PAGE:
Load-shedding measures welcomed, but unplanned outages big issue for Bay business

Electricity minister Kgosientsho Ramokgopa at City Hall on Wednesday afternoon
LET THERE BE LIGHT: Electricity minister Kgosientsho Ramokgopa at City Hall on Wednesday afternoon

Though Nelson Mandela Bay businesses have welcomed the government’s plans to mitigate the effects of load-shedding, unplanned power outages from ageing infrastructure remain a sore point.

Electricity minister Kgosientsho Ramokgopa met businesspeople at City Hall in Gqeberha on Wednesday.

He presented the government’s short-, medium- and long-term plans to resolve the power crisis in SA. 

For the Eastern Cape, Ramokgopa said the focus was to protect investment, especially original equipment manufacturers in the automotive sector as they were the biggest employer in the province and continued to drive the provincial economy. 

Ramokgopa said the government and Dedisa Peaking Power plant owners were prioritising the conversion of the existing diesel turbine to gas at Coega’s special economic zone.

“The conversion will increase the capacity from 335 megawatts (MW) to 388MW and increase the base load from 16% to 100%,” he said.

“We are also working with the metro to refurbish its 40MW installed capacity generator.

“The additional capacity will ensure continuity of supply during load-shedding to critical economic nodes supported by the municipality.” 

When the R3.5bn plant was built it was designed in such a way as to make the conversion from diesel to gas easier.

Peaking plants are switched on during peak periods, unlike base load plants that run continuously.

Ramokgopa said his department was co-ordinating with Eskom’s distribution unit to allow specific municipalities to address urgent transformer replacements.

This, he said, would assist with a constant electricity supply during load-shedding that affected economic nodes.

He said the short- to medium-term plans would ensure economic growth by keeping key economic role players open.

The sectors most affected by load-shedding include manufacturing, mining, agriculture, forestry and fishery.

Ramokgopa said the government’s long-term action plan included:

  • Fixing Eskom and improving the availability of supply;
  • Enabling private investment in new generation capacity;
  • Accelerating procurement of new capacity from renewables, gas, and battery storage;
  • Unleashing investment in rooftop solar for businesses and households; and
  • Transforming the electricity sector to achieve energy security.

Nelson Mandela Bay Business Chamber chief executive Denise van Huyssteen said Ramokopa had given an encouraging presentation.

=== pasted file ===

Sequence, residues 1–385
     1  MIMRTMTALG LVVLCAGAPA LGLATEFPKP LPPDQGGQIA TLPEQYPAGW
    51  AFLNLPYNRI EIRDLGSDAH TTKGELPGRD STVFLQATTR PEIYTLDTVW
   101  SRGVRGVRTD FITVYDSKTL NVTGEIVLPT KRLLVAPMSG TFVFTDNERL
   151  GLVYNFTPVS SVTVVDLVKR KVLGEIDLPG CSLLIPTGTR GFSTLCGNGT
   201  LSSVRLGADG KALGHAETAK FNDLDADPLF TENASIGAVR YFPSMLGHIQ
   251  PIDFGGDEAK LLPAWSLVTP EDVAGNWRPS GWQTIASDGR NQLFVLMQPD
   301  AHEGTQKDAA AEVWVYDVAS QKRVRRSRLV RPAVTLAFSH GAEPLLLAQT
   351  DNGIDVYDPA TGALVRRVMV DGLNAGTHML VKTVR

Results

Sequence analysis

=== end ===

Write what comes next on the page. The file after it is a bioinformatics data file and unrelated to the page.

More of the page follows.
“We received it positively. 

“However, the unplanned power outages are probably the highest issue we face from an infrastructure perspective,” she said.

“We can see there’s a national plan to address the load-shedding crisis but municipal infrastructure is a key area that requires focus too.

“We are willing to collaborate with the municipality and Eskom to establish the root causes of the outages and work together to resolve them.”

Van Huyssteen said the chamber had already engaged with the city and Eskom when they presented a proposal to deal with unplanned outages. 

With Struandale having the highest number of unplanned outages, the proposal was to start to uncover the cause of the issue in that cluster because it included Deal Party and Perseverance which had many operational businesses.

Deputy mayor Babalwa Lobishe said the city planned to install devices that detected theft or tampering at substations.

“As we run the integrated development plan process in the next three weeks [for public participation], we will filter down information we received.”

Responding to questions about when the government would use gas to operate the Dedisa plant, Ramokgopa said they would make an announcement when contractors were appointed.

“We know exactly what the candidate places that can provide us with the gas are, but in the meantime we are working on a more sustainable solution on pipe gas that will come from Mozambique or Namibia, which is the work handled by the minister of mineral resources and energy, Gwede Mantashe.

“What we are looking for now is an interim measure while we wait for an enduring solution so we can have consistent supply and convert the diesel to gas in a manner that favours the SA consumer,”  Ramokgopa said.



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